Training Tips

On the Camino Salvado you will need to be able to walk about 24 kms a day, every day. You should aim to be able to walk 4 km in an hour.

Train locally. Train as close to home as possible. If this is your first Camino Salvado, walking far for the first time is tough enough without the addition of travel stress!
Get familiar. Train on the trail whenever possible. When this is difficult, train on terrain that reflects what you will encounter in the event — bitumen and gravel tracks!
Test your shoes. Wear a good pair of hiking boots or running shoes. Make sure they are well broken in before the pilgrimage by wearing them on practice walks. Do not wear new shoes for the pilgrimage! A spare pair of broken in shoes is recommended.
Pack a bag. Pack well. In training, find out what you’ll need to carry, including the type and amount of food, amount of water, etc. We recommend 2 litres of water. There is no reward for carrying more than is absolutely necessary.
Training diary. Keep a training log to record the distances, sections of the trail and total time you’ve covered. This helps you find out what training works best and will provide time estimates for you.
Ten percent rule. From one week to the next, do not increase your total weekly distance covered or the distance of your long walk by more than ten percent. A big increase in distance or level of intensity greatly increases your chances of injury.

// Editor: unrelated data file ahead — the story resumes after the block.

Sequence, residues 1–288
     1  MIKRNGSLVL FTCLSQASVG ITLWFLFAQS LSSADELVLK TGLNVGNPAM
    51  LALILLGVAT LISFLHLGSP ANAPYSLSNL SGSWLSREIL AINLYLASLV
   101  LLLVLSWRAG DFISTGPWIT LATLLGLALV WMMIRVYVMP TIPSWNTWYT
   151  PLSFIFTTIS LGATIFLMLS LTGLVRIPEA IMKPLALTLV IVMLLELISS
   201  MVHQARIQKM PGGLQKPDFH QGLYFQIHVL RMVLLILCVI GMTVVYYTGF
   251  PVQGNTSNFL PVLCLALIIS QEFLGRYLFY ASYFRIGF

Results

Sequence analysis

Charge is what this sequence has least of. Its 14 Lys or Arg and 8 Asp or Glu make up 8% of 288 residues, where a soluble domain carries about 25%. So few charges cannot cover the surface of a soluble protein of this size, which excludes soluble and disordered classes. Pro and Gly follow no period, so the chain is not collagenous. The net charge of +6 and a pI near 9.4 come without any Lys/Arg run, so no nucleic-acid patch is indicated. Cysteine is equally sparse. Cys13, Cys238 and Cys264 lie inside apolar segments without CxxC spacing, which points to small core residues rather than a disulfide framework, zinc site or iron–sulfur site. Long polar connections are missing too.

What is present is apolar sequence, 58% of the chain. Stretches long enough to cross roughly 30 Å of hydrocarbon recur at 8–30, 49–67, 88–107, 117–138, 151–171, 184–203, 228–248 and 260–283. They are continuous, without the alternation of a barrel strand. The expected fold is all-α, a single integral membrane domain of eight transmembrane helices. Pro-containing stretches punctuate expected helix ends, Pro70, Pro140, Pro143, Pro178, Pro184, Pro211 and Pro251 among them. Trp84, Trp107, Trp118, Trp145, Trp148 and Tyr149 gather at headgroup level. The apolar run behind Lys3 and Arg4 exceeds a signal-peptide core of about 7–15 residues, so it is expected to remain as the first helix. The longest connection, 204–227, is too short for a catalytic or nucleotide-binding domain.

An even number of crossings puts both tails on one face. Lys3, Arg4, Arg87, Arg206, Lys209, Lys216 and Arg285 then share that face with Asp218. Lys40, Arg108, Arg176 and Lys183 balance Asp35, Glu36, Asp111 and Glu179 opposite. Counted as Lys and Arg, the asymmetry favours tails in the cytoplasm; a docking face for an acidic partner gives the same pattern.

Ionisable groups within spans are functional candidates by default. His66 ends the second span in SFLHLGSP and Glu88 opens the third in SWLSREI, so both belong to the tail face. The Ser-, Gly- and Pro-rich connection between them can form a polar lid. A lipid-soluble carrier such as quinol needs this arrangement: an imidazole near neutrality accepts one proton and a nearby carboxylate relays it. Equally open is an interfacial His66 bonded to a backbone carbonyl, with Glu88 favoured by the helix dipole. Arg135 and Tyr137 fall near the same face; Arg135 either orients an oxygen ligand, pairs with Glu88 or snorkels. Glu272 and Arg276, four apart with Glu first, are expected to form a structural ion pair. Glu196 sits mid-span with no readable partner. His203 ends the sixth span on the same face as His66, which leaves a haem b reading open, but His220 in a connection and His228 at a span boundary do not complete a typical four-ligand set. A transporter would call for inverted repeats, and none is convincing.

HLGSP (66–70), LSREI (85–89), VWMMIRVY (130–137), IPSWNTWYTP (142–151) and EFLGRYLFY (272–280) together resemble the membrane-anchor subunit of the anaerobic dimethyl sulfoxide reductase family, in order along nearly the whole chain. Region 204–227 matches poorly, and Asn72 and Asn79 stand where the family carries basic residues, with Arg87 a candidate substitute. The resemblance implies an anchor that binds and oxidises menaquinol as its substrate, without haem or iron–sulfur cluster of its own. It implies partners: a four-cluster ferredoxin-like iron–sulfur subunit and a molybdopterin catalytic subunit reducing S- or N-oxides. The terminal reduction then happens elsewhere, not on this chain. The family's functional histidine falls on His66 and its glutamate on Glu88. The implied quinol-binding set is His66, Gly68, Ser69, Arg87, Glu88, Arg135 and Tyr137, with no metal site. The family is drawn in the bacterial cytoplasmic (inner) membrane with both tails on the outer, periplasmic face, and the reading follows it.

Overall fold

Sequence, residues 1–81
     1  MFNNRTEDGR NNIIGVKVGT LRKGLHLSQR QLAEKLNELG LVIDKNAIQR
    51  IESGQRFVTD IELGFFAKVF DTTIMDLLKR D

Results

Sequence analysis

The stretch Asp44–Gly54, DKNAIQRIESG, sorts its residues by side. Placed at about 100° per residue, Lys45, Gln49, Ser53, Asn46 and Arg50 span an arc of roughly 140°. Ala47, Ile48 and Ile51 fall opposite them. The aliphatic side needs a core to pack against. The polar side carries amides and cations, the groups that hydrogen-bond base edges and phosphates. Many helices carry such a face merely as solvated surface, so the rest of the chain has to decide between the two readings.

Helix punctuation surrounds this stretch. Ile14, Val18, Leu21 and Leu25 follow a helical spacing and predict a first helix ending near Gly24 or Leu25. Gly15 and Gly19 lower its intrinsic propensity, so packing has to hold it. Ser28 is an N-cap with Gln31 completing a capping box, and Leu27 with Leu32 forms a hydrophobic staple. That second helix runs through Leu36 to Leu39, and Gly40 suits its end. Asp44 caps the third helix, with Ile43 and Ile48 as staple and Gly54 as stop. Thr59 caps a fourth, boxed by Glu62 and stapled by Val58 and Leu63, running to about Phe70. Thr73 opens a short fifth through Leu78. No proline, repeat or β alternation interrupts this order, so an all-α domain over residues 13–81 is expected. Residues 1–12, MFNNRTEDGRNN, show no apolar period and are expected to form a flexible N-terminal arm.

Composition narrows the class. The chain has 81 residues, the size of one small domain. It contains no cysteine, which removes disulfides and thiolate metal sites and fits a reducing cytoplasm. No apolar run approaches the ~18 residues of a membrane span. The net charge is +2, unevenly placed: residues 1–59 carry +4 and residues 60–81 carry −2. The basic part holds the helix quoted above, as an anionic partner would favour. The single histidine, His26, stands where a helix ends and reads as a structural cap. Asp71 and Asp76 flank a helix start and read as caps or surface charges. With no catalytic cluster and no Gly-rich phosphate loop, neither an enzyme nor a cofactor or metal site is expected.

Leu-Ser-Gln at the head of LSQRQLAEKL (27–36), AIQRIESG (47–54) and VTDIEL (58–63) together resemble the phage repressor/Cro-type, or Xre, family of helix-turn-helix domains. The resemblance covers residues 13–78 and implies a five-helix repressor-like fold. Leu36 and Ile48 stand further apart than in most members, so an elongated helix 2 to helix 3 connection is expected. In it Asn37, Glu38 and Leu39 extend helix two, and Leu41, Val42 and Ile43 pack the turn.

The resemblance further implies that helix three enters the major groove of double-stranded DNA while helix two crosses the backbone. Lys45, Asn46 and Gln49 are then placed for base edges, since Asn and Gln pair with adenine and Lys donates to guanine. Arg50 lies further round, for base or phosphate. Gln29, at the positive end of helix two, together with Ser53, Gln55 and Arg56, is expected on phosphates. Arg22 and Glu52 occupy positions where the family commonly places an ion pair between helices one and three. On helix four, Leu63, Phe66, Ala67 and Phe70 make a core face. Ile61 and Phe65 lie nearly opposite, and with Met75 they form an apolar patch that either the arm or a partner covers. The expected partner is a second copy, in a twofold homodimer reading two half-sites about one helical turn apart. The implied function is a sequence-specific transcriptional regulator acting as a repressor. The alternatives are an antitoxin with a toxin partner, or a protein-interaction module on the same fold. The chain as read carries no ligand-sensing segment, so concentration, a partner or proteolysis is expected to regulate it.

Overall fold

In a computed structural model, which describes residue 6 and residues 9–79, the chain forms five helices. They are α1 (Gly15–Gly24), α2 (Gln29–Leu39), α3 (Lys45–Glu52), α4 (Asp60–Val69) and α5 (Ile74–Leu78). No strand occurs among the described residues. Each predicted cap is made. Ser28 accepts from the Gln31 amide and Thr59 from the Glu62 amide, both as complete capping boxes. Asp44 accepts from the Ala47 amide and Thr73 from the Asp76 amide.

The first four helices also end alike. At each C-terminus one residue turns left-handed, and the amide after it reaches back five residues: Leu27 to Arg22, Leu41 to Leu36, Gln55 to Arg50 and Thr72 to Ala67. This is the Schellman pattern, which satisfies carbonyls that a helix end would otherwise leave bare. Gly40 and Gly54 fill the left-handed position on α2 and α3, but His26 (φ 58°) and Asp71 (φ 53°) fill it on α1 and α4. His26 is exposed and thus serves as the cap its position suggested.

Cross training. Cross training, along with regular stretching and possibly a weight training program, will reduce your risk of injury and keep the training interesting. It’s particularly important for beginners who are just starting to build their strength and endurance.
Take a break. Stopping briefly for breaks during training will help you to work out the best strategy, including what to eat, how long to rest, etc.
Find a rhythm. Use your training to establish a rhythm for the event.
Find your feet. The most important part of training is the long walk ‘sandwich’, where you do back-to-back walks on successive days (like Saturday and Sunday).
Interval training. If time is a problem, a shorter, faster session is a great alternative
Navigation. Practice your GPS navigation using your GPS equipment or adapted mobile phone.
Make it fun. When you’re going in for the long haul, friends make for more fun. They will also help you by providing entertainment and encouragement. Arrange your training hike to finish at a beach or local restaurant.

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